Thank you for talking with us! What do you do on a day off in Nashville, no work allowed? I get outside! We have some beautiful parks and hiking spots, and getting out there and getting a little dirty roots me back to feeling like, “Hey! This world isn’t all about me or my music!” and I feel small and human again. It’s glorious.
Favorite Nashville restaurant? Sunflower Cafe! I’m not vegan, but they just might convert me.
Let’s Talk Nashville:
Breakfast: (Only coffee in the AM for me) Crema (@cremacrema)
Lunch: Sunflower Cafe (@sunflowernash)
Dinner: Burger Up (@burgerup)
Place to get BBQ: I’m an Edley’s gal all the way! (@edleysbbq)
Nashville Hidden Restaurant Gem: Brown’s Diner in Hillsboro Village. No frills, just really good food and drinks.
For a beer and music: (I love their jukebox and Guinness pour!) The Villager Tavern (@the_villager_tavern)
How was it filming the video for “3am?” Emotional. I essentially went through my mind’s scrapbook of an entire relationship and drove through all the places of the pictures in my head. I was basically filming what I’d already done a few times to get through the heartbreak, but this time was different. Watching the sun rise after filming all night, I realized I had created something for myself out of what someone else did that hurt me for so long. It freed me. I turned the places and the memories into something I could love again.
At the end of the day, what do you hope is the message of your music? What do you hope people take away from your songs? I want my music to be a meeting place. I want my song to meet people where they are, put it’s metaphorical arm around them, and make them feel less alone.
Do you have any pre-show rituals? I have to be alone even for a minute. I typically go outside—sidewalks are a great spot. I put in my headphones and listen to whatever song makes my heart really feel the most at the current time (currently, it’s the title track off of Columbus, OH band Snarls’ new album, “Burst”). Doing this puts me in the emotional headspace of when I wrote all the songs on my setlist: when I propped myself up at my keyboard back home to try and write just to survive the moment. Playing them feels more genuine after I do this to take myself back to their “moment of conception,” I guess.
Where do you draw inspiration from when writing? Now, I only ever write from my own life or experiences really close to me. (I should probably warn every boy I meet, ha!) Once I started writing about the hard stuff—heartbreak, falling in and out love, phases of life—I noticed that people connected with my music so much more. And, in turn, I began to feel incredibly fulfilled in my creative process. I think people can tell when you’re genuine. I know I can.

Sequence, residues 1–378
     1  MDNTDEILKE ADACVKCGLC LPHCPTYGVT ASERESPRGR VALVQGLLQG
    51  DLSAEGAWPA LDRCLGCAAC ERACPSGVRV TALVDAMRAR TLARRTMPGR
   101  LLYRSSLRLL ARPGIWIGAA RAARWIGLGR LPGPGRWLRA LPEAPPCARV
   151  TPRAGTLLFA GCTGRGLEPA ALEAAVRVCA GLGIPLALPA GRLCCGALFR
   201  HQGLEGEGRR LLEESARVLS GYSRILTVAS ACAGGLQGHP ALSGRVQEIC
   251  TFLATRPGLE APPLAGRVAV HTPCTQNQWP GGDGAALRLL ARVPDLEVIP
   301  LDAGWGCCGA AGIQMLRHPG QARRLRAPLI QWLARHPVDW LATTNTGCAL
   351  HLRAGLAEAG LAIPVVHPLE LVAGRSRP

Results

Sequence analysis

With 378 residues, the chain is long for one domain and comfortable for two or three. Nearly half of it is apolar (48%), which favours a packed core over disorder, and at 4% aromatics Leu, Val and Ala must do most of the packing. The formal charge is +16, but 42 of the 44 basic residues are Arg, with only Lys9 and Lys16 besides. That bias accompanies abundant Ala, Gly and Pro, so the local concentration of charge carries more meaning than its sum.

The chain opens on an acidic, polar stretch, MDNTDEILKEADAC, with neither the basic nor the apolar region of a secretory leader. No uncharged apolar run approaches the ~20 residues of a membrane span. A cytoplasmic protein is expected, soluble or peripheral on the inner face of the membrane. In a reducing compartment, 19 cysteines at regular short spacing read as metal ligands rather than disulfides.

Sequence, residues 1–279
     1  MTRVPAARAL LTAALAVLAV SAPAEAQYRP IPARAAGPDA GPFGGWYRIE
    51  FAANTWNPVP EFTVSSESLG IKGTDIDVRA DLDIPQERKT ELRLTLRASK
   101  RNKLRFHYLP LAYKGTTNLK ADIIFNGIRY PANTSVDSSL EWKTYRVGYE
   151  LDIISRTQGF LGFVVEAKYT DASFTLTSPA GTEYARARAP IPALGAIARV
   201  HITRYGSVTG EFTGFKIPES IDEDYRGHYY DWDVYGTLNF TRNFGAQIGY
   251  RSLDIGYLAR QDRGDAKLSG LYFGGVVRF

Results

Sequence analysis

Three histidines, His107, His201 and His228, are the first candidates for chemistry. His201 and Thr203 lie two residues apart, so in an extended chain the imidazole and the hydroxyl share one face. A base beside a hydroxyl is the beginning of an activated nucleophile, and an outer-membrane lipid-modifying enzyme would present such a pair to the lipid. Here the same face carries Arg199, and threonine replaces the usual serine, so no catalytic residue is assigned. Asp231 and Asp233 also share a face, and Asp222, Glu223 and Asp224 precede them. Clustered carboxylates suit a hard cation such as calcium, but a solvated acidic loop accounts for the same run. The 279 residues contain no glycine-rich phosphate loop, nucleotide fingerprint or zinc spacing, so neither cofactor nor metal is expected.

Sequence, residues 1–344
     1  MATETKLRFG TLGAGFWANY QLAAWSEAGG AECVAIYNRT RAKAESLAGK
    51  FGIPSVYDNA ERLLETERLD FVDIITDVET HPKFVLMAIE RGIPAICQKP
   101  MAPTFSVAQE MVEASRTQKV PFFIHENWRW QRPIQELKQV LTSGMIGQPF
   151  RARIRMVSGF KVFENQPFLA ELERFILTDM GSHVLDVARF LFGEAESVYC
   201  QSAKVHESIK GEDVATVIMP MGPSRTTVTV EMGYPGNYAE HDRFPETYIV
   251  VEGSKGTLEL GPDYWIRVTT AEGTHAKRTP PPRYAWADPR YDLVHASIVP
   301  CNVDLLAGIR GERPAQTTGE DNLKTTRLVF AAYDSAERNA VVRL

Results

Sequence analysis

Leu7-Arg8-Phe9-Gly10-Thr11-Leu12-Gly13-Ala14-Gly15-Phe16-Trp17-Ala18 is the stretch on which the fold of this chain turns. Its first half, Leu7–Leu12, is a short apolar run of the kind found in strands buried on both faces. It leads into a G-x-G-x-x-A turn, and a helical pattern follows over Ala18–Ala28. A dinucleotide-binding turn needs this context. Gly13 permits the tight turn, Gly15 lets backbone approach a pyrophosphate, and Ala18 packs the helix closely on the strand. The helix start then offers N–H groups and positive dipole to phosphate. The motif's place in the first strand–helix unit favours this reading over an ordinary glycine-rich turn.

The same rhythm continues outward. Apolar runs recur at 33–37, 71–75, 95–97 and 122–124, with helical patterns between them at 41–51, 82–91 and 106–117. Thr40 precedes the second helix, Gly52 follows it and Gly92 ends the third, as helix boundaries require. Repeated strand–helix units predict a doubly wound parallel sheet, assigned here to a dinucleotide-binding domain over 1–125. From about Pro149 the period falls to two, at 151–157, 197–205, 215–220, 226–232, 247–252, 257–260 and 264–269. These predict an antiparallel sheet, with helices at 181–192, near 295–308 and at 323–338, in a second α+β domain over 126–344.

Is there anyone in your family that you can credit as being instrumental in your decision to go into the music field? My grandma! Not because she had a musical bone in her body (my family is comprised of doctors, pharmacists, teachers, etc.), but because she believed in me. She just believed it to be a true and undeniable fact that her granddaughter was a singer. She coerced me to sing at every family gathering, and she’d go on about how she’d hoped she would someday see it on a bigger scale. She passed a few years ago, but I still can feel her watch every step of the way and I can’t wait to prove her right. She is also the reason my name is Majeska.
Finally, did you always want to be a musician or was there a specific moment that something happened that made you think “this is what I want to do with my life.” If so, what was it? There was this one day I can trace it back to, yeah. I was ten, and being the small but mighty Elvis fan that I was, my parents had surprised me with a trip to Graceland. That day, I walked around with the widest eyes seeing everything of Elvis’s that came from nothing. I read every plaque and soaked in every word. I remember getting to the end of the tour—to his memorial garden—and thinking to myself that I wanted to leave a legacy like he did. Looking around at the silent people still mourning this man’s death, I realized I wanted my music to leave an imprint on people’s lives, too.
“I want to dance while I cry.” Rising electronic-pop dynamo Majeska Alisha Lynn—now “Majeska”— is no stranger to feeling it all and feeling a lot.
Transferring emotive lyrics and heart-affecting melodies to the rest of the world has freed her through connection. “Through writing and writing with others I’ve learned that none of us are alone. We can be lonely, sure, but we are together in loneliness.”
Majeska’s electronic-pop sound glints with the fragments of her 80’s-driven inspiration. Growing up in Greenville, Michigan, she was raised in her formative years by her mother and the music of the likes of Kate Bush, Stevie Nicks, and Kim Carnes. She spent much of her childhood hidden in her bedroom singing their songs and writing her own at her out-of-tune piano.
Those classic female voices gave Majeska inspiration for seeking a voice of her own—complete with finding something to say that’s all her own, too. Many newer artists have taken a hold of her heart and creatively influenced her as well: artists like Vera Blue, BANKS, Maggie Rogers, Nina Nesbitt, and Australian trio Mansionair.
Majeska left her small town Michigan life to pursue music in a place where it was happening and landed in Nashville, TN in 2015. After living in Sydney, Australia for a bit in 2017, she eventually landed back in Music City. Though Nashville is her home, music has taken her on regional tours throughout the Eastern and Midwestern United States, as well as a bit in Canada.